Although data from the Copenhagen-based European Environment Agency (EEA) reveals some encouraging signs, in large part the result of new technologies, air pollution remains the leading environmental cause of premature death in the region.
In its latest report, the EAA said 520,400 premature deaths in 41 European countries were caused by air pollutants generated by the burning of fossil fuels in 2014, compared with 550,000 in 2013.
Of these, four out of five deaths (428,000) were directly linked to fine particulate matter, which measure less than 2.5 microns and can enter a person’s lungs and even the bloodstream.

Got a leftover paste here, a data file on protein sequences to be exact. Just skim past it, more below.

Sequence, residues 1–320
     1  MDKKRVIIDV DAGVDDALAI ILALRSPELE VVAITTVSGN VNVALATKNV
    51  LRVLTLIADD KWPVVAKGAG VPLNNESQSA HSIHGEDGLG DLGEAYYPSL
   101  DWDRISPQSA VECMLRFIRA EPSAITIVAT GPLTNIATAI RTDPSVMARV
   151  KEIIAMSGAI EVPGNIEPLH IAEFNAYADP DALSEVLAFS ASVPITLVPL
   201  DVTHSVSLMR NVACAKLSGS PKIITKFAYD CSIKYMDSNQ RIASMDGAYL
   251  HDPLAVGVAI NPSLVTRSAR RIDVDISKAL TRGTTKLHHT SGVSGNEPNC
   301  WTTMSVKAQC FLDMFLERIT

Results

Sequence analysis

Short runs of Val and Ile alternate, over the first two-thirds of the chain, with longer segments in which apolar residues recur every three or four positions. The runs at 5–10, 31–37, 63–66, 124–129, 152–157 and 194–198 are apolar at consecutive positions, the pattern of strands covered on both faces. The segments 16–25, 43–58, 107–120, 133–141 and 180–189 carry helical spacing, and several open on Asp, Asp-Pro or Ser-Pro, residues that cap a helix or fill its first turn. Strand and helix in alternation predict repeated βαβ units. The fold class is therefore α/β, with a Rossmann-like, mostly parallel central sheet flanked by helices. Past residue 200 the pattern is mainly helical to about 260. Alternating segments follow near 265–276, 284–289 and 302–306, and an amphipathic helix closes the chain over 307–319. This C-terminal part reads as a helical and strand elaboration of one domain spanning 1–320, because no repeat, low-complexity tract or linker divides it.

Data collected at monitoring stations showed that 82 percent of the EU’s urban population was exposed to these microscopic particulates, known as PM2.5, in 2015, down from 85 percent in 2013.
Other sources of air pollution linked to the premature deaths include nitrogen dioxide, emitted in the air, and ground-level ozone caused by motor vehicle emissions.
Within the 28 European Union members, fine particulates were responsible for more than three out of four premature deaths (399,000 out of 487,600) in 2014.
“The European Commission is committed to tackling this and help member states make sure that the quality of their citizens’ air is of the highest standard,” said Karmenu Vella, the EU commissioner for the environment, maritime affairs and fisheries.